We’re Aila and Zach Yonzon, and we've been married for almost 11 years. I’m 36 and he's 44. We have three kids, two girls and our youngest is a boy, just like the Kramers. We’re both Roman Catholics and graduates from Ateneo.
A post shared by Team Kramer titled ‘Instructions for Christian Households’ has gained quite a bit of controversy lately. I want to preface this reaction with the disclaimer that, despite the fact that I don't share the same viewpoint, I actually don't take issue with anything that either Doug or Cheska said. They edited the post to explain what they were trying to say, which helped a lot. The arrangement works for them, it conforms to their beliefs, and it was pretty clear for whom the post was addressed.
Me, I'm allergic to being told what I should or shouldn't do.
I grew up in a Chinese household where my mother was constantly drilling it in my head that men come first.
Many Filipino-Chinese women are conditioned to put men’s needs ahead of their own. It's a very patriarchal structure, and it's fairly uncommon for women to take a leadership role in any endeavor. My past partners, almost all of whom were Fil-Chi, expected me to submit to them in some way. One disapproved of my applying for my dream job overseas, for example. One boyfriend forced me to go to the gym because he didn't want his girlfriend to be “fat,” while another guy told me to stop going to the gym because he wanted his woman “soft.”
It wasn't until I met my husband that I felt treated like a real equal. I’ve always been spirited and outspoken. My husband loved and encouraged that side of me. He changed my perspective about gender roles and equality. I'm not submissive by nature, and not only is he fine with it, he celebrates it (the only time I let him dominate me is in bed, haha).
I've been approached discreetly by more than a few women who have wanted to get tattoos or lift at the gym but weren't allowed by their husbands or boyfriends. NOT ALLOWED. I know of many women who have wanted to do something, from wearing sexy outfits to taking up a new hobby, but couldn't because their partner wouldn't allow it.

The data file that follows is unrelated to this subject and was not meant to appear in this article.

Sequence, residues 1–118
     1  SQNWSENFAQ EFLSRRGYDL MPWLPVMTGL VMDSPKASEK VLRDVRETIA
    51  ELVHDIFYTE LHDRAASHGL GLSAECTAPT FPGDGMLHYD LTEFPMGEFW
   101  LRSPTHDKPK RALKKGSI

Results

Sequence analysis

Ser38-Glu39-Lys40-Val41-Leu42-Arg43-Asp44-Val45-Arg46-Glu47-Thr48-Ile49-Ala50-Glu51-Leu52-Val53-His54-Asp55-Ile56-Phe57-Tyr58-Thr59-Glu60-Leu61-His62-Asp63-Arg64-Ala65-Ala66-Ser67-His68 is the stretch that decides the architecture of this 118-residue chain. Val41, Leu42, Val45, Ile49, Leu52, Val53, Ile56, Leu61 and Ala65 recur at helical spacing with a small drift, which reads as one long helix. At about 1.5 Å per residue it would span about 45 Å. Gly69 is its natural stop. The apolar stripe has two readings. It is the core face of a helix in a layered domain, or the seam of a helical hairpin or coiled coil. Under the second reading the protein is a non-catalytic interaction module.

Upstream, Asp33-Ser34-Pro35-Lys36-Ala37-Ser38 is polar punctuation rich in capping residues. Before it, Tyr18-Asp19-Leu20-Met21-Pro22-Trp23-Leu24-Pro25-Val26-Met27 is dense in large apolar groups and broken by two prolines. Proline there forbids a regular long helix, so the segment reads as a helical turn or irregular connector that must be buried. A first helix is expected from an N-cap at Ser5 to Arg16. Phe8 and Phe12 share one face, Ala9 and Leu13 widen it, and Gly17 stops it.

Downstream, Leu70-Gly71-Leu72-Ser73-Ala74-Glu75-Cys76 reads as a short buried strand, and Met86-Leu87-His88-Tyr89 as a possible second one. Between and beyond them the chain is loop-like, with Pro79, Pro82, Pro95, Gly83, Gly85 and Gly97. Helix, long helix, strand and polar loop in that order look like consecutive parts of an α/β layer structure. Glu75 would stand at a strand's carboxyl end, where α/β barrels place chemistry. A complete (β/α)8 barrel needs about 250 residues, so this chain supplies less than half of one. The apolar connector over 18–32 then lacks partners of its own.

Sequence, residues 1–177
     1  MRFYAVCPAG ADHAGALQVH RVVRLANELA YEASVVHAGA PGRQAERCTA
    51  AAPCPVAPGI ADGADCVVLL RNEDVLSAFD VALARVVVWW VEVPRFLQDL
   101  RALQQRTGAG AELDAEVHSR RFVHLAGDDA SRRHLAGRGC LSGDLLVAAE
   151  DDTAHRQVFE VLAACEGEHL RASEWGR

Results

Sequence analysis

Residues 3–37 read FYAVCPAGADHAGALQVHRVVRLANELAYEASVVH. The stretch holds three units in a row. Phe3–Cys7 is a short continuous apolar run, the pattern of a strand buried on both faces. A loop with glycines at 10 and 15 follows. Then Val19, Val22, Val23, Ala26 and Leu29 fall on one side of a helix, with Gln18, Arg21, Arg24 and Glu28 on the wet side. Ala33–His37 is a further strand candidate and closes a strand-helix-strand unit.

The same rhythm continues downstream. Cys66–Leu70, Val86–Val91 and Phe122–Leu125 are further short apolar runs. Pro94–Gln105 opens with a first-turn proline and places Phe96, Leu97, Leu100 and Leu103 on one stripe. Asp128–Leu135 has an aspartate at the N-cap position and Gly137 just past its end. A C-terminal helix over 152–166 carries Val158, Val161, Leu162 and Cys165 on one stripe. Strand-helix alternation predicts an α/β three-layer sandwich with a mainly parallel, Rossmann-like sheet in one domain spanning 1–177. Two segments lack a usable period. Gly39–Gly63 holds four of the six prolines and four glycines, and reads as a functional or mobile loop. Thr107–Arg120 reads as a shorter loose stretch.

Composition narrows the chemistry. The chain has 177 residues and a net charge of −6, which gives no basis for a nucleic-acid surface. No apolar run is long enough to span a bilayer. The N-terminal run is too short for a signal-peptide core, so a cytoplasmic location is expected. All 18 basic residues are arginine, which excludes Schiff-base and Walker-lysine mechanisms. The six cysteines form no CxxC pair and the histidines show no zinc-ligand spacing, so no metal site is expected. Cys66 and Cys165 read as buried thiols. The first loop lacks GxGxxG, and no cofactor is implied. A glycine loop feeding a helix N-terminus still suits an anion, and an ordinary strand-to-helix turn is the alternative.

I can't stand for relationships where the other person can make decisions regarding the other person’s body.
That's an inequitable relationship, and that's what happens when you're conditioned to "submit" to another person.
That's my issue with the Kramers’ post. It's super easy to misinterpret. The words, ‘wives, submit yourselves to your husbands,’ favors the man. There's just no going around that. It’s a constrained, traditional view that works for some families but in this day and age, with many single parents and same-sex couples, it's simply not inclusive enough. It would be fine if it were a two-way street, but it isn't.
At no time will you ever hear the advice, “husbands, submit to your wives,” even if the man wants to.
In fact, men who submit to their wives open themselves to ridicule whereas women who submit to their husbands are praised for being good wives. The phrasing, the sentiment, is so easy to abuse and tends to give license to the man to do as he pleases.
I know that's not what the message means. But all of us know too many philandering husbands and wives who simply "submit themselves" to the situation. My own mother and grandmother explained to me that part and parcel of being a wife was that the men would stray. It's expected. It's the norm. This is a problem.
Generations of wives being told to "submit" to their husbands has normalized unequal relationships.
The "Instructions" reinforce traditional gender roles that don't apply to everyone, not even all Christians. Another issue is that so much of the Colossians passage needs to be interpreted and explained, such as use of the term "slaves" that it is almost irresponsible to share verbatim without qualification.
“Partners must submit to each other, love one another and not be harsh with each other,” is probably a good update to the wording. You see, if you're born a woman, you're already at a disadvantage in society. We have to fight for equal status. In my own experience, I wanted to join our family business but I was dissuaded by my late father, who explicitly said that I would never get the respect of his peers because I was a woman. It was an old boys club, and even though I was the most qualified education-wise (I have a degree in Management Engineering from Ateneo), that career path was automatically closed to me by virtue of my gender. Women already have fewer opportunities for advancement as it is, we don't need "instructions" that reinforce our role as second-class citizens in society. It just doesn't help.